These key challenges and their relative pain translate into several different opportunities on which the market can deliver. Survey respondents were asked to rate 10 different investment areas by their need and by the level of confidence they have in delivering on that need. The results were averaged and normalized on a scale of 1 to 10 and then combined into a single chart to identify investments of highest need but lowest confidence in delivery (or concern in delivery).
When reviewing the charted results, the investment areas in the upper right quadrant represent ones that respondents feel are of greatest need, but where there are concerns in successful delivery (bubble size represents the relative investment need). The results include training, pipes, process control and automation, sensors and monitoring, and, to a lesser extent, resource recovery. Metering, for example, is a large investment need that operators feel confident in delivery.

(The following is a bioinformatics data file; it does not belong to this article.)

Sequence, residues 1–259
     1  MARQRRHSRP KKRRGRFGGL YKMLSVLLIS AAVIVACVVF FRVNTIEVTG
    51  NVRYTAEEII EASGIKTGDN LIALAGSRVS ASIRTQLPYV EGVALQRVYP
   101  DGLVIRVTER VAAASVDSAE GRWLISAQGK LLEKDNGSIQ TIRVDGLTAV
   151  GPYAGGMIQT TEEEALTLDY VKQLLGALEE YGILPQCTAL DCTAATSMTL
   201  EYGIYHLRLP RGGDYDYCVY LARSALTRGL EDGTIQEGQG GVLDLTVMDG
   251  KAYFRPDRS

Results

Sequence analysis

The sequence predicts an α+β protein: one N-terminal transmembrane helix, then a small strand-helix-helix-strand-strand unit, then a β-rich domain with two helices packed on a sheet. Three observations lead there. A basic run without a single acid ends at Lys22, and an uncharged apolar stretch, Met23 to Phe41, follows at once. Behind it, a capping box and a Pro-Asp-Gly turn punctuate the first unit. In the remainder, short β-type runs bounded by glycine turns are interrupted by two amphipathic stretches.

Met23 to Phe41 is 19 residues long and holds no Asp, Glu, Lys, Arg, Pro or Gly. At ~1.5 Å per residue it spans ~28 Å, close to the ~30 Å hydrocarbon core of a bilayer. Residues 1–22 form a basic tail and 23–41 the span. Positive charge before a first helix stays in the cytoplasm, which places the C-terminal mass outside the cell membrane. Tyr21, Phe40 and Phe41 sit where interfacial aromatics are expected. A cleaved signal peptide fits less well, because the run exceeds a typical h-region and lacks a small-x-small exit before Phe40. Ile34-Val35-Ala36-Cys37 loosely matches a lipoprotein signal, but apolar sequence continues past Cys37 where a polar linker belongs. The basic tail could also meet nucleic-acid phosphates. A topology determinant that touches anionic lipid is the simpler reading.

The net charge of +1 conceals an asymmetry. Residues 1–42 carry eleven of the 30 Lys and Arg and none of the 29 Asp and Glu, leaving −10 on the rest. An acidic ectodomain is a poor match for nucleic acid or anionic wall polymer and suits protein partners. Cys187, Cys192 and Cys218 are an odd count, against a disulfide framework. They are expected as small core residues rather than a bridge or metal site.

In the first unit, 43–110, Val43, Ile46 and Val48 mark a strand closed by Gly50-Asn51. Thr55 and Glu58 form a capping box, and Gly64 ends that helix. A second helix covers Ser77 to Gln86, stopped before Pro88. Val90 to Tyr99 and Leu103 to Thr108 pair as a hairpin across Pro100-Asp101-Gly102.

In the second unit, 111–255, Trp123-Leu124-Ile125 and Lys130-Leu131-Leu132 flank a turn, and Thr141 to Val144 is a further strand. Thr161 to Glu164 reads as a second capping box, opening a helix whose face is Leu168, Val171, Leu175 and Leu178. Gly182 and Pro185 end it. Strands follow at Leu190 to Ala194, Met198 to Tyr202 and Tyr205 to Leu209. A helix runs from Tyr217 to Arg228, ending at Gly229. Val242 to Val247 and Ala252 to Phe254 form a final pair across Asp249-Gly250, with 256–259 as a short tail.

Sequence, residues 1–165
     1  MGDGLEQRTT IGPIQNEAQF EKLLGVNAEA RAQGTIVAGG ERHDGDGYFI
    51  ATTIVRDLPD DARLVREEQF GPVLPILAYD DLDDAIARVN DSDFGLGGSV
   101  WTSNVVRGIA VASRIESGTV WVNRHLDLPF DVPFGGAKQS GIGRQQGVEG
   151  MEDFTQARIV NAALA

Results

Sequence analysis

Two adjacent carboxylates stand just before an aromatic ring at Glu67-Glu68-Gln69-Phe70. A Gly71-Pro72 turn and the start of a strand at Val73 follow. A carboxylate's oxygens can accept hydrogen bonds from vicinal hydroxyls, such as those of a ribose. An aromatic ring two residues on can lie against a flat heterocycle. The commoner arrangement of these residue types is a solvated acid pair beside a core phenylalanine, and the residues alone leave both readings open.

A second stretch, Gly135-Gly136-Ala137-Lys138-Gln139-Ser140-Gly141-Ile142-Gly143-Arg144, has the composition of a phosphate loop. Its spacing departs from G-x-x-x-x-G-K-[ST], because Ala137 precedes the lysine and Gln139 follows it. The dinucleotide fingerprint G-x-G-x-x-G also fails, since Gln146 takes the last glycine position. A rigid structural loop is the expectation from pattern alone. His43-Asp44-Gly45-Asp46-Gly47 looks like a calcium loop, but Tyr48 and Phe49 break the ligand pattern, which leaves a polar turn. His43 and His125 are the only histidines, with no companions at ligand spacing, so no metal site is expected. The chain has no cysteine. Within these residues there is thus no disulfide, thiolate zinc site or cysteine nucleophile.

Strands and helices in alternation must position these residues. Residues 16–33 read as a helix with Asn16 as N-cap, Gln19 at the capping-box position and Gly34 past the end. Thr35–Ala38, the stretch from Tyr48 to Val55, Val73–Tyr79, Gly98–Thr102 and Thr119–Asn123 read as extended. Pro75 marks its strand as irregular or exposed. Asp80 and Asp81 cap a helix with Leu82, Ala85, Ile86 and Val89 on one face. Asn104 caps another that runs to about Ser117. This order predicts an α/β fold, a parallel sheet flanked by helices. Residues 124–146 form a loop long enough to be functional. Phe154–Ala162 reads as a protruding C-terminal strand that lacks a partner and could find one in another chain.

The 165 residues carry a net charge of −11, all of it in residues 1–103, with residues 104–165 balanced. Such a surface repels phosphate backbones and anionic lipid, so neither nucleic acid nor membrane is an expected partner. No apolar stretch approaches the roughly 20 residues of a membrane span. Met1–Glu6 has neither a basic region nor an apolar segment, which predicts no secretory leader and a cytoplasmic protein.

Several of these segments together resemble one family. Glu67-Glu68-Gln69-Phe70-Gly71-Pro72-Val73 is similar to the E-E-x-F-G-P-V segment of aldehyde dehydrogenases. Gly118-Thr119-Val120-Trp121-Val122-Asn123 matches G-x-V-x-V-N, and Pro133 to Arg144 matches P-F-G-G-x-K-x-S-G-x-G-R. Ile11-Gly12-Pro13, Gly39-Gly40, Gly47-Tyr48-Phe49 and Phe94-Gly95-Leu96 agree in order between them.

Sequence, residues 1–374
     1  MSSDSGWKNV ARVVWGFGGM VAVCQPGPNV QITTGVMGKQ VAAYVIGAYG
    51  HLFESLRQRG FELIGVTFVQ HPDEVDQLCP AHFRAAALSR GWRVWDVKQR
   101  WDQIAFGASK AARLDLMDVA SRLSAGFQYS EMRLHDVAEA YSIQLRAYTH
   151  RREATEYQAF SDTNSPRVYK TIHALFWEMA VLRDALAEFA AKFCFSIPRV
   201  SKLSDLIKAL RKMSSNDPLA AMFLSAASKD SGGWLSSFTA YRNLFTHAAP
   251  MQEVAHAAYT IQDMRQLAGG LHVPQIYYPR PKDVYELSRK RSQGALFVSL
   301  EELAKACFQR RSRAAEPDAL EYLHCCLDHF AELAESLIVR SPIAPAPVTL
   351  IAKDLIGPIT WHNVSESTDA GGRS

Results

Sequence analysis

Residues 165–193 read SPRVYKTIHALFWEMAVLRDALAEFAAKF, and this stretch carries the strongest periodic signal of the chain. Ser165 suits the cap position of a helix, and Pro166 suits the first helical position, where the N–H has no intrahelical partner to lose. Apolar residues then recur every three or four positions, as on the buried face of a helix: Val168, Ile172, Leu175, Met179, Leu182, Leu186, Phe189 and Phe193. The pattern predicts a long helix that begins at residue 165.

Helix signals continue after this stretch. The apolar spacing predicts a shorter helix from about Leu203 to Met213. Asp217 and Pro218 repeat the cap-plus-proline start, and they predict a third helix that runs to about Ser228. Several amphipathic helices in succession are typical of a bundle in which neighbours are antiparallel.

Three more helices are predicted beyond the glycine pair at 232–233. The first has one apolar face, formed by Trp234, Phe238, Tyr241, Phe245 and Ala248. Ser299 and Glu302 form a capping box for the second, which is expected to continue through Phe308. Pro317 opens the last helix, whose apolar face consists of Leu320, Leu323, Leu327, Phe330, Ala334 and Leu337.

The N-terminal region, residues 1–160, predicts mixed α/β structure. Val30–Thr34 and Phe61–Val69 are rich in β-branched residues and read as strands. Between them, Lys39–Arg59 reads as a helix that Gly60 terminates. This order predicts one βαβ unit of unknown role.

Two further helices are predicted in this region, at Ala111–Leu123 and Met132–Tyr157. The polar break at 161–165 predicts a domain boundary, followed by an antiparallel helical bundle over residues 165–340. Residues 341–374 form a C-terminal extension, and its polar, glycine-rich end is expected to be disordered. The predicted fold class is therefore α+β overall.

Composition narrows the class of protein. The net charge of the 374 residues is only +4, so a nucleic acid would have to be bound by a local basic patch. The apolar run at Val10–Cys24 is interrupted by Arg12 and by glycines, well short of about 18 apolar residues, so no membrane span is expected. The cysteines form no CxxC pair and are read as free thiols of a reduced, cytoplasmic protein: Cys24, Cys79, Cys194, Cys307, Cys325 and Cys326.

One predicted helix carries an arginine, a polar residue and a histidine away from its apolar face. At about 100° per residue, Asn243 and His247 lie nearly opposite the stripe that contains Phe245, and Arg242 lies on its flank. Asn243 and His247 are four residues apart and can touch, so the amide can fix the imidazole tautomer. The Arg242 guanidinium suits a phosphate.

The four strongest opportunities neatly tie into the previously outlined challenges that operators currently face. Training and pipes are direct responses to aging workforce/knowledge management and aging infrastructure. Process control and automation, and sensors and monitoring represent opportunities to do more with less, to optimize control and investment, and deliver new operational models that help bridge conventional networks and systems with advanced capabilities.